Double Thorsday on a Wednesday?! With the Winter Olympics going on, it’s pertinent to talk about choices of old affordable cars for ski trips. If you live in the great frozen North then you already have a winter beater and need not apply, but for those of us who have to drive to the mountains to slide face first through the snow into a whiteout oblivion, we need to think about whether our vehicle will get us there without much drama. Find this 1971 Volvo 145S for sale in Hermosa Beach, CA for $6,250 via craigslist.
Tip from Erik202.
First of all the ideal ski trip vehicle has to be made by people who understand snow and cold weather driving. Detroit Iron can be fine; Michigan winters are nothing to sneeze at and an old domestic land yacht can be entertaining in the snow as long as you don’t get stuck. Austrians, Canadians, Norwegians, and Finns don’t make many mass market cars as far as I know, so for my money it’s either German or Swedish.
A classic BMW or Benz would be fine for a ski car – plenty of highway performance to get you up there quickly and good handling with classic RWD dynamics for some fun in the slushy stuff. A manual trans wagon would be ideal with the extra control afforded from the gearbox and the extra weight out back over the drive wheels…but those are harder to come by from the Germans. How about a Volvo 145?
Honestly a 240 wagon would be better for a snowmobile, due to its more modern handling and far better parts availability. But if you need to motor up to the slopes in some early ’70s style, then the 145 is a fine choice. This one in the LA area (right down the street from DT Headquarters actually!) has a few minor cosmetic and mechanical needs, but for around $6k can you think of a better classic wagon?
From the seller:
It is with a heavy heart that I present for sale my 4 speed manual 1971 Volvo 145s. I have grown to love this car as I’ve used it as a daily driver over the past three years, but alas it is time I let it go. The 140 series is the predecessor to the long lived Volvo 240 series, sharing very similar lines as well as parts. This car comes with thorough records/ receipts from my ownership and some receipts/ records from previous owners. I believe I’m the forth owner and that the wagon was originally sold in Northern California.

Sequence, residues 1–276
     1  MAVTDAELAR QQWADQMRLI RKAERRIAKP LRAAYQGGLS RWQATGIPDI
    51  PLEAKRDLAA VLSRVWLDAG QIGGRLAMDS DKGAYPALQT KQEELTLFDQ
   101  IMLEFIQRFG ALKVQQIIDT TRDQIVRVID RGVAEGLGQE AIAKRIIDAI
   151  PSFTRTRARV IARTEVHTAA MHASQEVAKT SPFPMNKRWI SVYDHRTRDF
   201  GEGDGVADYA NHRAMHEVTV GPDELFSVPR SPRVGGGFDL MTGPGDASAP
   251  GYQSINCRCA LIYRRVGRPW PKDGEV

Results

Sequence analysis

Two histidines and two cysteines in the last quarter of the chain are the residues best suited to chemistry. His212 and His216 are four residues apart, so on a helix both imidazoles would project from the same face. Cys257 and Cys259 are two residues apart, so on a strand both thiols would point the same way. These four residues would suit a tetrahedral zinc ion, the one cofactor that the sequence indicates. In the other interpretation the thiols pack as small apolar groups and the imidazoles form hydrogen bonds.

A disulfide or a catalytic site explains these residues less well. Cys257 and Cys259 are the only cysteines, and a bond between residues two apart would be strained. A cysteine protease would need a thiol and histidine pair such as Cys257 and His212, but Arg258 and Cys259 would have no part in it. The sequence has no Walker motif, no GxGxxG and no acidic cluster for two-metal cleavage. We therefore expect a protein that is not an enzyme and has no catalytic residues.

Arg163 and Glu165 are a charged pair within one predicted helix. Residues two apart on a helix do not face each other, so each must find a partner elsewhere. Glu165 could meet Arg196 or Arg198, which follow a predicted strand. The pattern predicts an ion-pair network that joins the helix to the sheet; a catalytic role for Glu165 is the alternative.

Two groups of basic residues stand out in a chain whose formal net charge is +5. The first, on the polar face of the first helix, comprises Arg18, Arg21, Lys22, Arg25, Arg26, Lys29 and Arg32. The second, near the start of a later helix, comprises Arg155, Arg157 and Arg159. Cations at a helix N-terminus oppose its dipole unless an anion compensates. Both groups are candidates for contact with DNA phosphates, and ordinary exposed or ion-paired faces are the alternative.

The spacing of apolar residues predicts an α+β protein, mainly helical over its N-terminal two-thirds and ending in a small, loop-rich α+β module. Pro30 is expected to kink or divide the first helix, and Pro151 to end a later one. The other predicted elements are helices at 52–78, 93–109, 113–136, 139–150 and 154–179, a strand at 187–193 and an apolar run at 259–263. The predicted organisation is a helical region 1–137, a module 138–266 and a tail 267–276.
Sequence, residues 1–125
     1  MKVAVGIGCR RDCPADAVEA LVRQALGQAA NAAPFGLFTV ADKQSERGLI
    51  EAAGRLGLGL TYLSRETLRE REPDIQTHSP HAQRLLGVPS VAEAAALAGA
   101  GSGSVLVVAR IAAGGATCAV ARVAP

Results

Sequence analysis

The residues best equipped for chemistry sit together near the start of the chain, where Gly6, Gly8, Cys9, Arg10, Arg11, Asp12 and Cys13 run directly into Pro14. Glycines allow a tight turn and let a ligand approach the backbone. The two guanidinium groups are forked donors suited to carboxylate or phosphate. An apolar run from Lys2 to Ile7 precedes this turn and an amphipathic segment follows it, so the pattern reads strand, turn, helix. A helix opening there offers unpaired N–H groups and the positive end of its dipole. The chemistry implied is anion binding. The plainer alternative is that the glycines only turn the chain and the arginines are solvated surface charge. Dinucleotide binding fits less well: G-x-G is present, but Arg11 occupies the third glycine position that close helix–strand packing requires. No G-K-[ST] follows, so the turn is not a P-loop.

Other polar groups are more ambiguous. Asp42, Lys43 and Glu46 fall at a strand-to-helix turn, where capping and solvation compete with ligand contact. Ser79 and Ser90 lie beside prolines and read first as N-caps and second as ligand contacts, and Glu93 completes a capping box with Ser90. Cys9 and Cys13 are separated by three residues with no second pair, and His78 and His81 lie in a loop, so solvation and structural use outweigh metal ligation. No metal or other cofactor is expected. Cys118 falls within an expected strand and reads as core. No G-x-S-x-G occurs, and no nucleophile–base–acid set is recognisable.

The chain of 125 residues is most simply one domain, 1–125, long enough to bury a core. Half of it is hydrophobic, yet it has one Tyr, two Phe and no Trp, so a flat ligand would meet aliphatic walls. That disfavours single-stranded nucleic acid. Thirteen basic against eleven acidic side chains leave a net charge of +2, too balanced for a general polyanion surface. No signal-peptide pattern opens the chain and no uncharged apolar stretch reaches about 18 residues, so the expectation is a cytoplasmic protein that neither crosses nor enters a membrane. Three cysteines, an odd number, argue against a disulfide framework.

Currently the car has 317,802 miles. The previous owner indicated an engine rebuild was done “about 70,000” miles ago, and while he didn’t have receipts a compression/ leak down test at my time of purchase reinforced that.
Aesthetically the car presents as a clean and cared for unrestored example. This means the paint is smooth but color can be patchy, with areas of original paint and some areas with very casual blending. The body is impressively straight, but isn’t without small imperfections. All 5 doors close well. The interior is in overall great shape but has typical areas of sun damage.
This car has treated me well, and all work that I’ve done while having it in my possession can be seen in the attached image from my records. Purchase includes a box of misc parts/ tools and a “green book” shop manual.
Things I have been watching/ that need work:
Small coolant leak on the cylinder head rear freeze plug
Small oil leak from the rear of the transmission
Heater blower motor does not work
Wind wings are not operable
Head light switch has been getting sticky lately but still works
Tears in the bottom of the passengers seat
Small rust bubbles on passengers side fender near the bottom of rear door
Rear window wiper does not function
Trip odometer doesn’t work
Gas gauge reads empty when tank is half full
Know a better use for “Ford Trucks” mudflaps? email us here: firstname.lastname@example.org
If any interested DT reader wants CFlo to take a gander at this 145 in person, drop me a line through the tips address above.